Cambridge triumphs at chemical awards

Researchers from CambridgeUniversity spinout BioBullets won the top prize Entect Medal at the annual Institution of Chemical Engineers awards.

The awards are held to recognise and promote organisations which make an outstanding contribution to the chemical and bioprocess industries.

BioBullets pioneered a way of dealing with the problem of zebra mussels, which attach themselves to and block water in-take pipes and water cooling systems, costing water and power companies millions of pounds each year.

The previous technique of pumping chlorine through the pipes has proved costly and environmentally damaging. The company’s solution involves using a concentrated toxin that targets only the mussels, reducing costs and damage to the environment.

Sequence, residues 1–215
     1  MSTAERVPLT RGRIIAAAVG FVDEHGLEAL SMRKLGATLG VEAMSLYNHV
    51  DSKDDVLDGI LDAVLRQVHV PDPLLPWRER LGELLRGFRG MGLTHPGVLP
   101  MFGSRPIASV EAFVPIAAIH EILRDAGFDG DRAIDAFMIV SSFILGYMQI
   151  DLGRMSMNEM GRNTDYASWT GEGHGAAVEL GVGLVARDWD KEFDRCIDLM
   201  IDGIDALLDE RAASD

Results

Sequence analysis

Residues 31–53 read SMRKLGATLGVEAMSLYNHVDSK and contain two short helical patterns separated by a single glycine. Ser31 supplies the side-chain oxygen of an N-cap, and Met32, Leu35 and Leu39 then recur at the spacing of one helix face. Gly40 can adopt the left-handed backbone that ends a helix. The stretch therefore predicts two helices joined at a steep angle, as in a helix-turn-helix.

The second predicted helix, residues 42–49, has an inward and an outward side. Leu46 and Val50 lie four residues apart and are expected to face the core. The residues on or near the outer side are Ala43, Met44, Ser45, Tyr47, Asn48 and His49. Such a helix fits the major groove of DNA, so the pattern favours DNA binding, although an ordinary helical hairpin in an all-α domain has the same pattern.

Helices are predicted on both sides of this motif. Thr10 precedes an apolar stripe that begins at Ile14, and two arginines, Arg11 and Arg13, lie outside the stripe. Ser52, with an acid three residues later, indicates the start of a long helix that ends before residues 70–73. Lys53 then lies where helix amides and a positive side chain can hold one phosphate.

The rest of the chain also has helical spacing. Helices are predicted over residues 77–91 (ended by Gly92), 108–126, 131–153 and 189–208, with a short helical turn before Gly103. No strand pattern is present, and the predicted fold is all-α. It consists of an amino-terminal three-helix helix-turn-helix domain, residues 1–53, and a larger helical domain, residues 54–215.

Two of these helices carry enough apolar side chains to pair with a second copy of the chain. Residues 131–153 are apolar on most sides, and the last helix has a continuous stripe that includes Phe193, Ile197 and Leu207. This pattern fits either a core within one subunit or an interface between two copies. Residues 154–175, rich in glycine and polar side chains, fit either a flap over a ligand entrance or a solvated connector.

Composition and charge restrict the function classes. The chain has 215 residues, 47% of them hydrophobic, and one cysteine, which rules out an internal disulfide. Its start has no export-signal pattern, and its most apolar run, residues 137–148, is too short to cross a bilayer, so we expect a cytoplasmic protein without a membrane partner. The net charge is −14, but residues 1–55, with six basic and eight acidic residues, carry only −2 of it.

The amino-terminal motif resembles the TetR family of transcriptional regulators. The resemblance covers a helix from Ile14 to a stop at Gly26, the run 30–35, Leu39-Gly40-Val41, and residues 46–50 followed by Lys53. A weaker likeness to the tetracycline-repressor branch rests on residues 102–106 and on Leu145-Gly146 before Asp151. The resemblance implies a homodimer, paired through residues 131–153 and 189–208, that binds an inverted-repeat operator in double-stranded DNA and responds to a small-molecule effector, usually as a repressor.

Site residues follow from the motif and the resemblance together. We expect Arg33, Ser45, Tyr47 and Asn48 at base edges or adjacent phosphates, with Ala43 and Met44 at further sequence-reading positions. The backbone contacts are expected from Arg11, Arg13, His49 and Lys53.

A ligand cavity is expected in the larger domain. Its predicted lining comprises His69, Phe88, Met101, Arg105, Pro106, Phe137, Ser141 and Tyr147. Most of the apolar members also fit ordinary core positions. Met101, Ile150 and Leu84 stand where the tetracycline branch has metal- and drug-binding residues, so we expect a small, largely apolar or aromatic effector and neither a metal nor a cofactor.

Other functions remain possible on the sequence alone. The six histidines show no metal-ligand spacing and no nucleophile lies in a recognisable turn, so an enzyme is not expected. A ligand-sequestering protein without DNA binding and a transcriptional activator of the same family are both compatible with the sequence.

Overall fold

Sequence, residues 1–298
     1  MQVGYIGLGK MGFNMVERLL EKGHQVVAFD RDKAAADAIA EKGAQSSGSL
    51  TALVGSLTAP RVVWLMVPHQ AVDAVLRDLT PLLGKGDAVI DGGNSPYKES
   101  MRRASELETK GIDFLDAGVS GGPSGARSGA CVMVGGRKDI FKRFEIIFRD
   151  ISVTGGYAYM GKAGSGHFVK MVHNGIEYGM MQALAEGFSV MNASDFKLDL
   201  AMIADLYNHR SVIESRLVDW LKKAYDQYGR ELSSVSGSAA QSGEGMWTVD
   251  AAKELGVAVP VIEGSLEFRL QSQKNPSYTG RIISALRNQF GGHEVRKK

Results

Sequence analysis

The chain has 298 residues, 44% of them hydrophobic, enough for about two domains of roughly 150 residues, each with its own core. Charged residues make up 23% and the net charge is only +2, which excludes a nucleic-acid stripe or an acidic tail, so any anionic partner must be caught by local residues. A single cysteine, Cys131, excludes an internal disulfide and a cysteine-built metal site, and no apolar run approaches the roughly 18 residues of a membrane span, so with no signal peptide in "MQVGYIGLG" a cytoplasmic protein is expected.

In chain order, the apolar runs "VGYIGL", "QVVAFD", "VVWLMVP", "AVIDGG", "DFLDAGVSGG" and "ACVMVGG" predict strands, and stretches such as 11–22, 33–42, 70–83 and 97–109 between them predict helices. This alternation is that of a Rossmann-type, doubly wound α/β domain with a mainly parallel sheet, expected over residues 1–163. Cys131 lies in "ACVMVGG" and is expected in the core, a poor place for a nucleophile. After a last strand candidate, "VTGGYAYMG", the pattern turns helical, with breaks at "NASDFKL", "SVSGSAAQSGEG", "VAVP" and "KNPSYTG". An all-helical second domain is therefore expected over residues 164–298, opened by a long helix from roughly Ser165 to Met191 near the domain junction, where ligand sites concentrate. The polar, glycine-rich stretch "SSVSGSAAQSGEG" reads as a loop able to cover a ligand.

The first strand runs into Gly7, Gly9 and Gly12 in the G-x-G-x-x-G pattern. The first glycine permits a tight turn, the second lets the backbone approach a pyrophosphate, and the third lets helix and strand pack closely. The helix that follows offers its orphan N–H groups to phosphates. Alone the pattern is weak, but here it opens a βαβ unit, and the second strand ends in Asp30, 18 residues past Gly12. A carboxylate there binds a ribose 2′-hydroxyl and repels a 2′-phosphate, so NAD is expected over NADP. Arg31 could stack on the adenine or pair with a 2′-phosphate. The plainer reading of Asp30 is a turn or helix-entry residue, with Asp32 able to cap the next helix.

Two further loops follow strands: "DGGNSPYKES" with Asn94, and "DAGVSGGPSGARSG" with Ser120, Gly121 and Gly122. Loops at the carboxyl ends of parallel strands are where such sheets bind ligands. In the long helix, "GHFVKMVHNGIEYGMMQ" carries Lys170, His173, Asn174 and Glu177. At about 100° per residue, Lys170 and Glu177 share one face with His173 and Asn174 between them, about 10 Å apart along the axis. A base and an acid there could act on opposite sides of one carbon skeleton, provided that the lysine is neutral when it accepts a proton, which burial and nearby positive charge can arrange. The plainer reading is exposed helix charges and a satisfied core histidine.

Dr David Aldridge, lecturer at CambridgeUniversity‘s Department of Zoology and director/co-founder of BioBullets said: ‘We are delighted to be recognised with this award. We are currently looking at how our invention can be applied to control some of the world’s other major pests.’

Prof Malcolm Mackley, Dr Bart Hallmark, Christian Hornung and Dora Medina from the Department of Chemical Engineering, were highly commended in the Sellafield Award for Engineering Excellence.

FormerCambridge student Rachel Cooke, currently working for Cadbury Trebor Bassett, won the GSK Young Engineer of the Year award for her work encouraging children to pursue careers in science.